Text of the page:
Buddhist law often had to bow to reason of State. But in many instances it also provided an ideology for counterforces, inspiring peasant revolts in the name of a millenarianism centered on the coming of the future Maitreya Buddha. In one of these movements, in China, arising at the start of the sixth century c.e., the rebels, using the Buddhist title of “Grand Vehicle” (Mahayana), undertook to rid the world of its “demons”—starting with the era’s Buddhist clergy.

In Japan, on the other hand, Buddhism managed to pave the way for feudal struggles, creating a new type of religious figure, the “warrior monk.” It is only at the end of the sixteenth century, after centuries of internecine struggles, that the great monasteries were subdued by the military government. The ensuing subordination explains in part why, after the Meiji Restoration (1868), Japanese Buddhism proved no force against militarism, and fell into line with “spiritual mobilization.”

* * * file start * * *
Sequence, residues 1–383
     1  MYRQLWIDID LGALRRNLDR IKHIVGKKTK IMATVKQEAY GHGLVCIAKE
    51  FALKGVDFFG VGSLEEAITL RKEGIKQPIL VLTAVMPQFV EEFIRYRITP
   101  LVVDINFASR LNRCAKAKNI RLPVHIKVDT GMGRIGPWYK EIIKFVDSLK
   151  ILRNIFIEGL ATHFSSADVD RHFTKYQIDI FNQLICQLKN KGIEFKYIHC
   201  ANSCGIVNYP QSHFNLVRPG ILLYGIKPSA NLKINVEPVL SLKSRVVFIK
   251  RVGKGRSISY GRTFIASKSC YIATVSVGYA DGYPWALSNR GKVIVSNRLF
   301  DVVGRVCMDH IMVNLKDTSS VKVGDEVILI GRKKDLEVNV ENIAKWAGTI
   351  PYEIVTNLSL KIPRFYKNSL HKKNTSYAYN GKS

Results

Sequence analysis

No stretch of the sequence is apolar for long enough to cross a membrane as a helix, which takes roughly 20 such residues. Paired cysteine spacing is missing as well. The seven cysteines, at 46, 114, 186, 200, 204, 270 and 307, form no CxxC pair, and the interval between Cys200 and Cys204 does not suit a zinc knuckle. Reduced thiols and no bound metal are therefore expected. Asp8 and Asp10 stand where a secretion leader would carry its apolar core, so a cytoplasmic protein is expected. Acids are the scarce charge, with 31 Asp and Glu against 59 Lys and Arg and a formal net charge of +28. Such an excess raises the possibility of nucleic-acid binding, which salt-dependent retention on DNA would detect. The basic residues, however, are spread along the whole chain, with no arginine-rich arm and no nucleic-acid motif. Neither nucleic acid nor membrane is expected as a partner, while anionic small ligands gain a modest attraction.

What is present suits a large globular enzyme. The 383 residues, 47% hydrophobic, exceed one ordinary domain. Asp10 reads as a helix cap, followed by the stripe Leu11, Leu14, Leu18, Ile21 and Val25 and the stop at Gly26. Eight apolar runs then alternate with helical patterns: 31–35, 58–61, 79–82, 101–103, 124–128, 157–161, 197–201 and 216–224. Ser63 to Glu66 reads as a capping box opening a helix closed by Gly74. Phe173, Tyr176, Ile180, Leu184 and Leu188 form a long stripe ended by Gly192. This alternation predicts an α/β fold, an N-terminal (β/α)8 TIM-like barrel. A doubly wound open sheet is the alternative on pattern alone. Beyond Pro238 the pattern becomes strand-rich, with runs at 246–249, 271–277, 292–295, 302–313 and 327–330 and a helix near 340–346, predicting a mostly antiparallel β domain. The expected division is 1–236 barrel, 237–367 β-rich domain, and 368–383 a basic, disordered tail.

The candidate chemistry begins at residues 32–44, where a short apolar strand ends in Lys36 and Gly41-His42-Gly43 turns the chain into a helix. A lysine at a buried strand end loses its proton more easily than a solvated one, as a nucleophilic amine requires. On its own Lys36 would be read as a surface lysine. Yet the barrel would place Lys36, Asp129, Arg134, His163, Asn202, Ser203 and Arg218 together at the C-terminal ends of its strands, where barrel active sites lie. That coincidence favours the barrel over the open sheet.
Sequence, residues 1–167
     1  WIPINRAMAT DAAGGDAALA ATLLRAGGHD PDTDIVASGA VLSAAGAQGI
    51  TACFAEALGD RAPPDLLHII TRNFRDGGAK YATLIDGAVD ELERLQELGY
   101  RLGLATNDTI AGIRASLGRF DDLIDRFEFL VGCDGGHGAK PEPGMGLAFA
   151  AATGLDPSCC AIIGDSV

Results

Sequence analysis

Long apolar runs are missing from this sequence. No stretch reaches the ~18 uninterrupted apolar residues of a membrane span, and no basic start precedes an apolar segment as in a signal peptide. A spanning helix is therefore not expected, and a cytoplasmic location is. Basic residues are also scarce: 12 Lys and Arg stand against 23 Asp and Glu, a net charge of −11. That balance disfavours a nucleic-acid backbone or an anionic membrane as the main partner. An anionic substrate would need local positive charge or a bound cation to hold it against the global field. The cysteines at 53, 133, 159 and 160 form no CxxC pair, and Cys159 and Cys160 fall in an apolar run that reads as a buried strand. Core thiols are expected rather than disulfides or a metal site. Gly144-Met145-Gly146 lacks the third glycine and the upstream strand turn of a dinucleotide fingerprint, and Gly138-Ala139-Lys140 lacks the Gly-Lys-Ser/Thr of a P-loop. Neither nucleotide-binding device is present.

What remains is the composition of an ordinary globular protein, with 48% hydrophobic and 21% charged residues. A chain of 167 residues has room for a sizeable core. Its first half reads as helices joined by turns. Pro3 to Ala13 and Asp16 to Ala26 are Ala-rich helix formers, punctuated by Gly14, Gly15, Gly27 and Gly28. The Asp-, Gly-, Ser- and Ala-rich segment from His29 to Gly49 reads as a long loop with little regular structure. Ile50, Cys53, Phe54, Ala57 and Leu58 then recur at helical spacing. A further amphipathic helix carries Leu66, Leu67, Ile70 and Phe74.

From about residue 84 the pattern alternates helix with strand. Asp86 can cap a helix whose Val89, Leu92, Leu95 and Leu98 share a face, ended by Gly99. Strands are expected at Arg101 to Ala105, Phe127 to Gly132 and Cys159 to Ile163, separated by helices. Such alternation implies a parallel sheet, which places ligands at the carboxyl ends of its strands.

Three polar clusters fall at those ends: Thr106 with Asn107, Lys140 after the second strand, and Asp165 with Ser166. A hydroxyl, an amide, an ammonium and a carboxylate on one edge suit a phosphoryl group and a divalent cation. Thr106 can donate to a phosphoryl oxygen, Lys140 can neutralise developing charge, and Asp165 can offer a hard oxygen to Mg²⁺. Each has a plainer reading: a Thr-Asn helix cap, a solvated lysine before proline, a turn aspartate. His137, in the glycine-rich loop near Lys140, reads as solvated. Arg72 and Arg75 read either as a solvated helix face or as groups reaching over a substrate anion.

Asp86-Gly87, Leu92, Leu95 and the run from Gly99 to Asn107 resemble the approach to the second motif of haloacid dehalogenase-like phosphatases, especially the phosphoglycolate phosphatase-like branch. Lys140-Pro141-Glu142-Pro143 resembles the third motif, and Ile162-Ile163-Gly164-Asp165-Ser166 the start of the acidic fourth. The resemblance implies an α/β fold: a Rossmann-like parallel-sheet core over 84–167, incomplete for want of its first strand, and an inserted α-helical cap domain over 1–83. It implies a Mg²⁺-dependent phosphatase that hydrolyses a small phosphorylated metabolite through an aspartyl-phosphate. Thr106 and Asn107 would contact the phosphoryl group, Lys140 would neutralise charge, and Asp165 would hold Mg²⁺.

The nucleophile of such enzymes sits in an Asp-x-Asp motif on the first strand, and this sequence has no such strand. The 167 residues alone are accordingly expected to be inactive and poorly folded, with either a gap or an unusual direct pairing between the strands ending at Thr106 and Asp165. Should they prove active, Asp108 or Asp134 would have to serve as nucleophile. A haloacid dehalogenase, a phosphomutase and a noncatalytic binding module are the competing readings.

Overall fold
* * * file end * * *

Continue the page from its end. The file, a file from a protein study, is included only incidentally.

Thus, Japanese militarism blended Buddhist doctrine with the imperial sauce, reducing it to its simplest expression, to bend it to official propaganda. The Buddhist theory of selflessness served, for instance, to justify giving one’s life for the Emperor, while the notion of the Two Truths (conventional and ultimate) served to explain the contradiction between the principle of respect for human life and patriotic duty. However, these ideas are not merely belated deviations in the necessary adaptation of Buddhism to Japanese culture. They have a long history.